* * *
AT FIVE O’CLOCK THAT EVENING, Lincoln sat down to dinner at the Jones House with Governor Curtin and several other prominent Pennsylvanians. Norman Judd was not at the table. He was said to be “giving personal attention to Mrs. Lincoln,” who had now been notified of her husband’s change of itinerary. Earlier, Lincoln had told Pinkerton that he would not be able to avoid bringing his wife in on the scheme. “This he said he could not avoid,” Pinkerton reported, “as otherwise she would be very much excited at his absence.” It appears that she was very much excited in any case. Though Judd and the other gentleman present that night declined to give any detail, it is clear that Mrs. Lincoln signaled her displeasure in no uncertain terms, and at such high volume that it threatened to give the game away. According to state senator Alexander K. McClure, one of the dinner guests that evening, “she narrowly escaped attracting attention to the movements which required utmost secrecy.”
At about 5:45, having delivered the unhappy news to Mrs. Lincoln, Judd stepped into the dining room and tapped her husband on the shoulder. Lincoln had already shrugged off one or two similar signals, as if reluctant to acknowledge the necessity of his departure. McClure would later claim that Lincoln had expressed reservations at the table that night. He recalled, perhaps fancifully, that Lincoln spoke with “impressive earnestness” on the subject: “What would the nation think of its President stealing into the Capital like a thief in the night?” Be that as it may, Lincoln now rose from the table and excused himself, pleading fatigue for the benefit of any onlookers. Taking Governor Curtin by the arm, Lincoln strolled from the room without drawing any particular notice.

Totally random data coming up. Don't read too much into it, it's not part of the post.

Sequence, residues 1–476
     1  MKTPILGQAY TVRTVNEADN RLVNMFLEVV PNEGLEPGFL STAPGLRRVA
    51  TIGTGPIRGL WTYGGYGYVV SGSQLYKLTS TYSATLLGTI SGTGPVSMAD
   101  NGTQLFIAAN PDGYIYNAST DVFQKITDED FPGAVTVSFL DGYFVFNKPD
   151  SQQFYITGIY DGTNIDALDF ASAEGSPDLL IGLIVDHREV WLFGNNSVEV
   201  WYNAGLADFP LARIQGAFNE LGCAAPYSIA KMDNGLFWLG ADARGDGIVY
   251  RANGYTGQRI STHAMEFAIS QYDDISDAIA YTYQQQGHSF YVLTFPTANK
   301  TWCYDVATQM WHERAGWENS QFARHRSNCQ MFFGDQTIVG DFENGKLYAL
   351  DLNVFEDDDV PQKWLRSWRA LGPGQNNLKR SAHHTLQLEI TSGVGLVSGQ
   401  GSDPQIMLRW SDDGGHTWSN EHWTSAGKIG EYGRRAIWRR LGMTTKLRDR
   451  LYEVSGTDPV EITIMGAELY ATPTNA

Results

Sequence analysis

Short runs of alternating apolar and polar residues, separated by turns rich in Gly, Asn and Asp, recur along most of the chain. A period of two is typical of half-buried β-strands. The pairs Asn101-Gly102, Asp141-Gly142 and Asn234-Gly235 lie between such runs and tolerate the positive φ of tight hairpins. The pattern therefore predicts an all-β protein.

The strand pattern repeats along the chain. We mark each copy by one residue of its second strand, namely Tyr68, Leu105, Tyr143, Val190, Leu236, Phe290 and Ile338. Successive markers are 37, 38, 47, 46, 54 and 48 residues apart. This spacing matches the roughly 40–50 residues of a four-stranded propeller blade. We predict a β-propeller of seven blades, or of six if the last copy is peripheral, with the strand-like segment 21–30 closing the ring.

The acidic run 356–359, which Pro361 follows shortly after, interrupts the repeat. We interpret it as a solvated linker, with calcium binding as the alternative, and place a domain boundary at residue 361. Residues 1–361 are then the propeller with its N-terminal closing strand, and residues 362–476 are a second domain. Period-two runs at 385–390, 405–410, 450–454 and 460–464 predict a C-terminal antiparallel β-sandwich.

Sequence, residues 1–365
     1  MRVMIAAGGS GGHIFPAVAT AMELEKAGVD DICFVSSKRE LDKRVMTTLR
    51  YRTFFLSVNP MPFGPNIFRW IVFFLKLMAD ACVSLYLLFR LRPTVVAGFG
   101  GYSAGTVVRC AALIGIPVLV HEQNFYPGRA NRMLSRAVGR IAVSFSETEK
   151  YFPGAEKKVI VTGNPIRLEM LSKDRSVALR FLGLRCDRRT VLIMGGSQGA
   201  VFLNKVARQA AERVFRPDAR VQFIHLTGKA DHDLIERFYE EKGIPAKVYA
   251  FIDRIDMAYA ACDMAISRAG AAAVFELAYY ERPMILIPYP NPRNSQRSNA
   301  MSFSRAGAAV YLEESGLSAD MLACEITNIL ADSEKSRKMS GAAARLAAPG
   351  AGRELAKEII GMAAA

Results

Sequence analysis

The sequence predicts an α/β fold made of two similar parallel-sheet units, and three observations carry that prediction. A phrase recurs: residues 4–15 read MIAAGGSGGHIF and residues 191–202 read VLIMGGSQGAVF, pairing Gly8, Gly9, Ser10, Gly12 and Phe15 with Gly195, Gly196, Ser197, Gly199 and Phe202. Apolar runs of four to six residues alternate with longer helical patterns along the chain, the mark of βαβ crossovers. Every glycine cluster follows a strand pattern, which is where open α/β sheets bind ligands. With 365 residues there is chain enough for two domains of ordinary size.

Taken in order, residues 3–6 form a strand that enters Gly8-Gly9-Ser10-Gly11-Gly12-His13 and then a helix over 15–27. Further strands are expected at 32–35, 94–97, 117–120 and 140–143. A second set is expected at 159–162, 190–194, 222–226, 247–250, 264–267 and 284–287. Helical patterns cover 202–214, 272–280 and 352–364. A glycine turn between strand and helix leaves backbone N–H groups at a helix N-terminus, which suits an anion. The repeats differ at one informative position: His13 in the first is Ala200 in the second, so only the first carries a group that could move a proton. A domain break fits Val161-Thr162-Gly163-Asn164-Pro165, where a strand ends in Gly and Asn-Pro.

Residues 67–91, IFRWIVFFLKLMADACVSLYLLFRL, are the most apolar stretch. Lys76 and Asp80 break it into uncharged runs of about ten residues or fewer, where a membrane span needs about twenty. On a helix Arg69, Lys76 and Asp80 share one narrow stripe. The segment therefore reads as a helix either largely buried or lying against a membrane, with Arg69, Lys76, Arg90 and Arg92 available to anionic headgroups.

Upstairs in his room, Lincoln gathered a few articles of clothing for the journey. “In New York some friend had given me a new beaver hat in a box, and in it had placed a soft wool hat,” he later commented. “I had never worn one of the latter in my life. I had this box in my room. Having informed a very few friends of the secret of my new movements, and the cause, I put on an old overcoat that I had with me, and putting the soft hat in my pocket, I walked out of the house at a back door, bareheaded, without exciting any special curiosity. Then I put on the soft hat and joined my friends without being recognized by strangers, for I was not the same man.”